December 24, 2007

Senate hearing is to be held to examine the increase in parole release rates for violent felons in the NY correctional system

Senator Michael F. Nozzolio is to hold a Senate hearing to examine the increase in parole release rates for violent felons.

"It has been widely reported that the Board of Parole is releasing a substantially higher number of violent felons from custody this year. As Chairman of the Senate Crime Victims, Crime and Corrections Committee, I will be conducting a legislative oversight hearing in January to review the matter and to take testimony from the Director of the Division of Criminal Justice Services, the Chairman of the New York State Parole Board, and the Commissioner of the Department of Correctional Services," said Senator Nozzolio.

The hearing will take place at 1.00 p.m. on Tuesday January 15th 2008, in Hearing Room A in the Legislative Office Building in Albany, NY.

December 12, 2007

Graziano v. Pataki update: December 12th 2007

Latest news from the Prison Action Network: Judge Brieant has arranged for the next meeting in the Graziano et al v. Pataki et al case to take place in court on December 20th 2007. The meeting will probably involve scheduling the case for trial.

December 09, 2007

Testimony of Professor Philip M. Genty, given at the public hearing before the New York State Commission on Sentencing Reform, November 13, 2007

The testimony of Professor Philip M. Genty, Clinical Professor of Law at Columbia Law School, given at the public hearing before the New York State Commission on Sentencing Reform, New York City, November 13, 2007.

Professor Philip M. Genty explains the anomalies in the current Parole Board guidelines in New York State and goes on to suggest ways of restoring hope and rationality to the parole system.

Extract from his testimony:

"The Parole Board guidelines currently in use date back to the late 1970's and have been essentially obsolete for more than 20 years. These guidelines were created for a purpose that no longer exists – guiding the Parole Board in the setting of sentences, specifically the minimum terms of indeterminate sentences. The guidelines measure two factors only – seriousness of the crime and prior criminal history. These are factors that should be used at the time of sentencing. The problem is that the responsibility for setting sentences was removed from the Parole Board and restored to the courts in 1980. This was done to eliminate unnecessary duplication of function between the Parole Board and the sentencing courts. Since 1980, the Parole Board’s main responsibility has been to evaluate individuals for parole release after they have served their minimum sentences. However, the Parole Board guidelines were never changed to reflect this shift in mission. To this day, the guidelines continue to measure only two factors – seriousness of the crime and criminal history – rather than the array of factors that would be relevant to a meaningful assessment of who the individual is today, and whether that individual has been rehabilitated and can be safely released from prison.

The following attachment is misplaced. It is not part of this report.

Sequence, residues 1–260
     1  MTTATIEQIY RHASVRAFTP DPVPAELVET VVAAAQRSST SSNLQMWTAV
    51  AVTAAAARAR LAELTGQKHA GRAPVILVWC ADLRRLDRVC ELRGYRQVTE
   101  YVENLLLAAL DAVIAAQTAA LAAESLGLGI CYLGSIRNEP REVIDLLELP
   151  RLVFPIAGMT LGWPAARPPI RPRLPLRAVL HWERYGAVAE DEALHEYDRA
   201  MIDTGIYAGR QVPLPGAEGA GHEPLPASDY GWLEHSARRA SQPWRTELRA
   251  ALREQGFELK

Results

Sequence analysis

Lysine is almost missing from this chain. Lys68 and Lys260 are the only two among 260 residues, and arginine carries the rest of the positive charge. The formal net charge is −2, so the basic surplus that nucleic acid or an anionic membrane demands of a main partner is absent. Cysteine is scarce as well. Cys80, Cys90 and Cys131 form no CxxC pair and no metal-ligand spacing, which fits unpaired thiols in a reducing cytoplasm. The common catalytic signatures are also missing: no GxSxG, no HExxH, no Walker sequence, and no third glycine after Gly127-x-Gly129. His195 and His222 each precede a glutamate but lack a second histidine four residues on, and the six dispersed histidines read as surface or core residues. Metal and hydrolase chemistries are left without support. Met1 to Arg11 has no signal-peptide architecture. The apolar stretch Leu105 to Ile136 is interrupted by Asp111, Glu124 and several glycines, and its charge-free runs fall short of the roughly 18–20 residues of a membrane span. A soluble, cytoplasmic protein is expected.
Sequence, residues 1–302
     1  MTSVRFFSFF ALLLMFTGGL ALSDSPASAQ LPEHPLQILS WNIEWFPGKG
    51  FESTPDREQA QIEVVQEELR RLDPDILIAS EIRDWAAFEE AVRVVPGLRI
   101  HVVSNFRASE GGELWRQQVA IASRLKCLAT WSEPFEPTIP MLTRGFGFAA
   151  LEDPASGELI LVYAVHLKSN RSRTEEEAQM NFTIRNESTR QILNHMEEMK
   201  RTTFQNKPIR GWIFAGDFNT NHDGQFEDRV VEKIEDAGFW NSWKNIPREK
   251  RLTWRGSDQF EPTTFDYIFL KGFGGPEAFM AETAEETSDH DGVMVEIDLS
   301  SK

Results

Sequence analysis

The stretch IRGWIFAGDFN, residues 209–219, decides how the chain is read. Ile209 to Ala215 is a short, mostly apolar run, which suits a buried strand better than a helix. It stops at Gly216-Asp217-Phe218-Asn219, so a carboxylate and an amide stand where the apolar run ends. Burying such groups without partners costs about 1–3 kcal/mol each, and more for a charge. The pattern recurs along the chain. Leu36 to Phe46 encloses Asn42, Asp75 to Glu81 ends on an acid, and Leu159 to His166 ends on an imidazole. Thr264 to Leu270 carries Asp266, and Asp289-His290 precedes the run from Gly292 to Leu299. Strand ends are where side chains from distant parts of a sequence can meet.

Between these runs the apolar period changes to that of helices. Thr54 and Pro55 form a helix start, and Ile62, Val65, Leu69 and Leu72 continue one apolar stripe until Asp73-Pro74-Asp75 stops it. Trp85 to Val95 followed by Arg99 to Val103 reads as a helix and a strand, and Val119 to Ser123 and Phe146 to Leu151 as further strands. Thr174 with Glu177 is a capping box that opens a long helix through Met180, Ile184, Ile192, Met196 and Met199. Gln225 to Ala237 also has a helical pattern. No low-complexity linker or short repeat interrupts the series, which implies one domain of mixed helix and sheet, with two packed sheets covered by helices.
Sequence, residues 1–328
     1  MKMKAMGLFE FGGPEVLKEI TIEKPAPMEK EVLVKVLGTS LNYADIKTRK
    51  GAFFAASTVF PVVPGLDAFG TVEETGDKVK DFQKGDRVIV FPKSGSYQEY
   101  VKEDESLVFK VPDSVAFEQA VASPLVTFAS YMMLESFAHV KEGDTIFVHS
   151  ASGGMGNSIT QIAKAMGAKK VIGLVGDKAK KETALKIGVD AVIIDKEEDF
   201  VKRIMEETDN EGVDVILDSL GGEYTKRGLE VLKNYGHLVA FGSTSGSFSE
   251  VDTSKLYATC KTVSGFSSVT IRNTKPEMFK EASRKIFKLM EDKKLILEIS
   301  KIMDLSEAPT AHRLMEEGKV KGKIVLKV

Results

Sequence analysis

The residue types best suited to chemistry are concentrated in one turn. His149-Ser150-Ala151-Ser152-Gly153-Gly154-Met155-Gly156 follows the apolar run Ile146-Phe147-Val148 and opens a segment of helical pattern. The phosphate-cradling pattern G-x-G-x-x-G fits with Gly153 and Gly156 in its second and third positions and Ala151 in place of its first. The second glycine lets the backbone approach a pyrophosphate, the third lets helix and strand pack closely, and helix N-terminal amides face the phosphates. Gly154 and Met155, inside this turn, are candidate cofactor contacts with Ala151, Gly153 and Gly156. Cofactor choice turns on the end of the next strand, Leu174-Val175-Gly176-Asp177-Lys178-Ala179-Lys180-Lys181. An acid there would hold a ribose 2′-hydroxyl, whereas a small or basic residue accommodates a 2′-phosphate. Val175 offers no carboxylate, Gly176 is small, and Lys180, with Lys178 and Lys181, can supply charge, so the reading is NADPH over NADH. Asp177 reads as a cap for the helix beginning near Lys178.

This, then, is an important example of what the Commission has described as "disorder and confusion" caused by an "ad hoc and piecemeal approach to sentencing." Our current Parole Board guidelines were designed for a purpose that ceased to exist 27 years ago, and they are ill-suited to the purpose for which they are now being used. A consequence of this is that the Parole Board often acts as if it were still responsible for sentencing decisions – it simply re-examines the underlying crime and criminal history. In doing so it fails to consider any changes that have occurred in the individual in the many years that have passed since the crime was committed. ...This is especially true for individuals convicted of felonies classified as violent."

(The full text of Professor Philip M. Genty's testimony may be found here.)

December 08, 2007

Landmark decision in the Graziano v. Pataki case

A landmark decision has been reached in the long-running Graziano et al v. Pataki et al civil rights case, which aims to restore fairness to the parole hearings of inmates convicted of violent felonies.

There have been many setbacks and disappointments in this case including a recent tentative settlement which was subsequently retracted by the defendants.

However, in a ten-page ruling on December 6th Judge Charles L. Brieant denied the defendants' motion to dismiss the case on the grounds of mootness and ruled that the suit can proceed as a class action, representing the interests of hundreds of state prison inmates who contend that they were wrongly denied parole.

Trials and tribulations: local lawyers win two major rulings

Background information

Articles discussing the need for parole reform in New York State:

Restoring Fairness to Parole: a transcript of a panel discussion by the New York City Bar Association, February 17th 2007.

Policy Report: an analysis of current NYS Parole Policy, by Cheryl L. Kates Esq., February 16th 2007.

Recommendations for Parole Reform in New York State: from a roundtable on parole reform issues in New York State, held by the Prison Reenty Institute in November 2006.

Allege Governor Unfairly Acting To Deny Parole; Judge Permits Suit, Says Pataki Can't Defy State Law, by Reuven Blau, in The Chief Leader, August 4th 2006.

December 07, 2007

Parole News

Parole News aims to present useful information and resources relevant to parole reform in New York State.

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